in which the author discusses five books he’d read, if time permitted.
1. Into the Forbidden Zone: A Trip Through Hell and High Water in Post-Earthquake Japan, by William T. Vollmann.
I corresponded with literary genius William Vollmann (two “n’s”) once about an essay I wanted him to contribute to a publication at which I worked. He refused to communicate via email, at least with me, and submitted his story on a CD, which was, unfortunately, rejected by my superiors. So I had to send back the CD to him with a letter saying we couldn’t use the story I’d asked him for, which I feel kind of ruined things between me and William Vollmann (two “n’s”). However, I’d told him in a previous letter that I’d recently had a daughter, and in a subsequent letter he advised me to make sure I slept enough because, for new parents, not sleeping is a major psychological and physical shock. I appreciated this, and think of it from time to time when I’m not sleeping much, and look forward to the day when William Vollmann (two “n’s”) publishes a seven-volume series on parenting.
2. Professional Idiot: A Memoir, by Stephen “Steve-O” Glover and David Peisner.
This book would have been cooler—-way, way cooler—-had “Steve-O” not had a co-author. Oh—-RIP that other Jackass dude who died this week. Skateboarding is not a crime.
3. The Impact of Global Warming on Texas, edited by Jurgen Schmandt, Gerald R. North, and Judith Clarkson.
I don’t know if global warming is real or not, but if it is real, it only seems fair that it should affect Texas more than, say, low-lying Bangladesh.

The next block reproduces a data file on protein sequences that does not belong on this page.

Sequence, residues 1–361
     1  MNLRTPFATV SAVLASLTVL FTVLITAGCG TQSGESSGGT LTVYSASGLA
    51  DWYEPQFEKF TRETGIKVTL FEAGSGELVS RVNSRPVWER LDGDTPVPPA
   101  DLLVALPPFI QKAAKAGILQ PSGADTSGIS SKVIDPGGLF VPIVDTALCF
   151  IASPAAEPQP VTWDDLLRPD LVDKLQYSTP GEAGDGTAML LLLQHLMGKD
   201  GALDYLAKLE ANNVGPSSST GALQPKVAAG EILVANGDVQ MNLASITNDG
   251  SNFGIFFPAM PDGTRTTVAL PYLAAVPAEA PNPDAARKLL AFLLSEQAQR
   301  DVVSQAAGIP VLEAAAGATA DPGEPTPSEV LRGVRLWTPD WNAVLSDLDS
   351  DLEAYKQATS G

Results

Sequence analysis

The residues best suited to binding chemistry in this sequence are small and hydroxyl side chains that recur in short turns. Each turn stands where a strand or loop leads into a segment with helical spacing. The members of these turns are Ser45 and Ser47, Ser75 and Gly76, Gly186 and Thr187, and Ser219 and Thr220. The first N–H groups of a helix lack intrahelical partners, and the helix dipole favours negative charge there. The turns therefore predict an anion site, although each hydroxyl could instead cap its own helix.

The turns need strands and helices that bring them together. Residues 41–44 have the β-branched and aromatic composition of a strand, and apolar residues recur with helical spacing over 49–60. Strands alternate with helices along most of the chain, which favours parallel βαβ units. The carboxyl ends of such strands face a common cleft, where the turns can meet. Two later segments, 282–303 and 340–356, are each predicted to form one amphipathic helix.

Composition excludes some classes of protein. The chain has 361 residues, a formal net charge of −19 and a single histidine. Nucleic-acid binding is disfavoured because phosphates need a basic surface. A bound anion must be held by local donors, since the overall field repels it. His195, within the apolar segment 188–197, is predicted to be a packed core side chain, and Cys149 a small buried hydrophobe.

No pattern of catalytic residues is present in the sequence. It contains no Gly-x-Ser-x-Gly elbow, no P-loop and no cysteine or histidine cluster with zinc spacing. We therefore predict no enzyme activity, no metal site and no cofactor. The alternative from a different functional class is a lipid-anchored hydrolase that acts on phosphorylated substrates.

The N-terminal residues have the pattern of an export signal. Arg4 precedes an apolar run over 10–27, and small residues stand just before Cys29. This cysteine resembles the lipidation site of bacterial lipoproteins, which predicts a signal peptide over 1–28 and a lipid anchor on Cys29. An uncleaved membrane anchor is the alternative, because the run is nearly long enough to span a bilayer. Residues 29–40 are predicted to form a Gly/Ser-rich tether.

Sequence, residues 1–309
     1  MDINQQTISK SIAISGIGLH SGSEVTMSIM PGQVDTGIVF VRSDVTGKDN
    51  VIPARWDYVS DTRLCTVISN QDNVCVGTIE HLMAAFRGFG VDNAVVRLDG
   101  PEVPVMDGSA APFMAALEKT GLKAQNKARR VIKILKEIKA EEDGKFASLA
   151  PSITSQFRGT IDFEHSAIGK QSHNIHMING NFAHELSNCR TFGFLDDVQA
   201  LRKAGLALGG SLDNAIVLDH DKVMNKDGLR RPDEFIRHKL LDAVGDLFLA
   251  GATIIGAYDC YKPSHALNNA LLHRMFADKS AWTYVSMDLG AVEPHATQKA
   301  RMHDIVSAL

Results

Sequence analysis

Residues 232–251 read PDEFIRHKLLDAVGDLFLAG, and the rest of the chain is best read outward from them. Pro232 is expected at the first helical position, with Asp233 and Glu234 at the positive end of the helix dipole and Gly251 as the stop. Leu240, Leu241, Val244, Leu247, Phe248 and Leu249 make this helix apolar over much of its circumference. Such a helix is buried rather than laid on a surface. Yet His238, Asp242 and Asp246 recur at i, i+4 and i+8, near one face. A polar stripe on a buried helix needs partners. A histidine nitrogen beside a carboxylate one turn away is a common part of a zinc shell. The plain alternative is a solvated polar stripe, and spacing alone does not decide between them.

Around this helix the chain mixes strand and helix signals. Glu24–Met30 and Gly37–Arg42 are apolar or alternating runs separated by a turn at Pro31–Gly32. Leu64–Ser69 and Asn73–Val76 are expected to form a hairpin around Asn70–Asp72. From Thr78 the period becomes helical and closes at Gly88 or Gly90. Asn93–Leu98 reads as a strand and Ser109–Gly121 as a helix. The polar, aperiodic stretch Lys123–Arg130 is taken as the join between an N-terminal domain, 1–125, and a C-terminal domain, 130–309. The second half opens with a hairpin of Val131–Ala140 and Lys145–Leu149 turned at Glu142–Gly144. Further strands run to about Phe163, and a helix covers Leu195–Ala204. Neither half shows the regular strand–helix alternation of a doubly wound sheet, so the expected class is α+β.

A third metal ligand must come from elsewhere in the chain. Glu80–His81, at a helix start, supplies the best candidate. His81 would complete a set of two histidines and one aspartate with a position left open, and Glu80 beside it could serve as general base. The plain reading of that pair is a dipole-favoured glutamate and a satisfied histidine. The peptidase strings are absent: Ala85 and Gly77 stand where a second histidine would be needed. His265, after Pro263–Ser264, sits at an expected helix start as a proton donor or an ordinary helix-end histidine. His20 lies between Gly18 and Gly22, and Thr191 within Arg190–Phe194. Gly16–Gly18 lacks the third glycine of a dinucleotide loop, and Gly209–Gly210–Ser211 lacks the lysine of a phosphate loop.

4. Avian Architecture: How Birds Design, Engineer, and Build, by Peter Goodfellow.
A outdoorsperson-friendly, healthy-seeming book like this by a dude with a positive last name makes we want to wake up at the crack of dawn, drink an almond milk/spinach smoothie, and get in a few hours of birding before harvesting the organic vine-ripened tomatoes I planted on the back 40 this spring. Take a deep breath. Do you smell that? That’s fresh air.
5. Zazen, by Vanessa Veselka.
This is an apocalyptic novel about a bomb that goes off in Portland, Ore., or at least some kind of alternative version of Portland, Ore.—-or, actually, maybe it’s Portland, Maine. Anyway, some hipsters survive the bomb and the face a Road-like scenario where they have to fight for survival, or at least for a place in line at Voodoo Doughnuts.